Wind soloists bring stylish verve to Music of the Baroque program

By Tim Sawyier, Chicago Classical Review
November 21, 2023

In opening remarks before Monday’s Music of the Baroque concert at the Harris Theater, Dame Jane Glover expressed immense gratitude for the ensemble’s ability to field high-caliber soloists from its own ranks. The two wind soloists on the “Windy City” program more than lived up to Glover’s affectionate esteem.

William Buchman, MOB’s principal bassoon and an artistic rock in the CSO section since his appointment as assistant principal in 1996, was in the spotlight Monday in Hummel’s Bassoon Concerto in F Major. Classical wind concertos do not offer the obvious pyrotechnics of something like a Rachmaninoff showpiece, but rather call for a more understated virtuosity, which Buchman supplied in spades.

Throughout the expansive Allegro moderato Buchman sang eloquently with a flexible timbre, and dispatched Hummel’s knotty leaps with fluent technique. He easily projected over Glover’s responsive accompaniment in the operatic Romanza, where he built a dramatic arc in the work’s cadenza. 

Buchman’s reserved yet pristine artistry served the playful variations of the closing Rondo well, and his efforts were met with vigorous applause from the MOB audience. One felt as though they were expressing their appreciation not just for the Hummel, but for Buchman’s unflaggingly reliable work in the ensemble over the years.

Oto Carrillo, also a MOB principal with a CSO seat, offered an account of Mozart’s Horn Concerto No. 4 that was equally accomplished. From his seamless first entrance with the orchestra, he brought a gleaming tone and a spectrum of subtle shades to Mozart’s inimitable writing for the instrument. The Romance had the feel of an intimate aria, which contrasted with the mirth he and Glover mined in the Rondo, particularly as they emerged from the cadenza at a slow clip to allow for a headlong rush to the close.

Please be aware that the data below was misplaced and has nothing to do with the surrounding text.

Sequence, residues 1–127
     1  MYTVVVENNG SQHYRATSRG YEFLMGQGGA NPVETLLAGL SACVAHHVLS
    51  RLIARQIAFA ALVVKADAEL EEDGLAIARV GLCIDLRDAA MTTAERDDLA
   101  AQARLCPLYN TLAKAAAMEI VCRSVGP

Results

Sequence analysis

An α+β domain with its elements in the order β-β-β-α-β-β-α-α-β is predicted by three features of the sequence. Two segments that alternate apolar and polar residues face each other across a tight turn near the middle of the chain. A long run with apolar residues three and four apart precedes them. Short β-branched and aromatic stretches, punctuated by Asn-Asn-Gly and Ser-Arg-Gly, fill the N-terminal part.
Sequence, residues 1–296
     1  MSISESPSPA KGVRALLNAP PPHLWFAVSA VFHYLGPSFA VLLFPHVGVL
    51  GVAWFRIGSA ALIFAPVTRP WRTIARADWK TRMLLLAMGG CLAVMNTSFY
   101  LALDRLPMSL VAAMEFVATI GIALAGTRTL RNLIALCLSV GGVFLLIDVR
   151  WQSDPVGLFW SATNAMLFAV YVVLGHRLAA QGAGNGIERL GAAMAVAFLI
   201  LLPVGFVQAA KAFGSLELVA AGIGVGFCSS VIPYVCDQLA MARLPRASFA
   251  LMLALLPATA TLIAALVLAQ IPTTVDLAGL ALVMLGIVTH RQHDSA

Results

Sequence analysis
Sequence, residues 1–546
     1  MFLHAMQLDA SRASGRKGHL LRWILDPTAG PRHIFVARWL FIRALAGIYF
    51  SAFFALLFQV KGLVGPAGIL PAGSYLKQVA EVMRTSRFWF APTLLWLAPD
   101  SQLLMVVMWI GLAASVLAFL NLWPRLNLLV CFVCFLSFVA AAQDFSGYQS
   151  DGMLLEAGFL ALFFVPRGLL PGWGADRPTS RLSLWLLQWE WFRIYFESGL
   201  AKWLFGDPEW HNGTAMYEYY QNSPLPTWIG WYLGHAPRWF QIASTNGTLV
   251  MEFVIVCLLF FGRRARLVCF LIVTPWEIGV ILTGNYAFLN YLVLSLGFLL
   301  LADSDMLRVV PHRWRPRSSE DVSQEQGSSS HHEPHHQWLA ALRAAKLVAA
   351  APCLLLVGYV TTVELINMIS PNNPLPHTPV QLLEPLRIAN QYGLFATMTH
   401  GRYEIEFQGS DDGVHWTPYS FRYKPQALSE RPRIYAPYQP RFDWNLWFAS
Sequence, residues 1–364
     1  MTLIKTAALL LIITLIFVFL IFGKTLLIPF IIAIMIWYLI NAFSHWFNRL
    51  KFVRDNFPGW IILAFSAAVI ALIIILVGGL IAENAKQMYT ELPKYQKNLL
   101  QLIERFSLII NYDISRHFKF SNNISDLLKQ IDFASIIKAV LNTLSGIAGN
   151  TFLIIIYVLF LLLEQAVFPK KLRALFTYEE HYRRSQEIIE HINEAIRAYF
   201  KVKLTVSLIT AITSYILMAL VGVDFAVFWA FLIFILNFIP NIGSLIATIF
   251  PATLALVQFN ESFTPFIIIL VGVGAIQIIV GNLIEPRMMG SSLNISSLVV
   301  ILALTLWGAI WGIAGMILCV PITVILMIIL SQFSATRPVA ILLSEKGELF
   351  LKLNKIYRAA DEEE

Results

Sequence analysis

The balance of the program showed the MOB orchestra at their best under Glover. They opened with Bologne’s Symphony No. 2 in D Major by way of an overture, capturing the open-air vitality of the outer movements and collectively bringing a wistful quality to the minor-major oscillations of the Andante.

Handel’s Water Music Suite No. 3 in G Major received a bracing account to close the first half. Glover is one of our finest Handel conductors, and brought an unexpected variety of articulation and dynamics to the well-worn score, making its familiar dance strains register anew. Continuing the “windy” theme, the wind players stood at the back of the string ensemble, with Patrick O’Malley standing out with his haunting piping on soprano recorder.

The evening closed with Haydn’s Symphony No. 96 “Miracle,” with Buchman back in the ensemble with his colleagues. After a questioning Adagio introduction, the opening Allegro went with stately spiritedness, Glover and colleagues capturing Haydn’s symphonic wit. They toyed amusingly with the ubiquitous triplet upbeats in the ensuing Andante, which closed with articulate solos from the first chair violins. Oboist Anne Bach provided one final wind feature of the evening in the Minuet’s Trio, lending her shining tone to its prominent solos, and Glover brought vigor to the scampering Finale to close the evening in high spirits.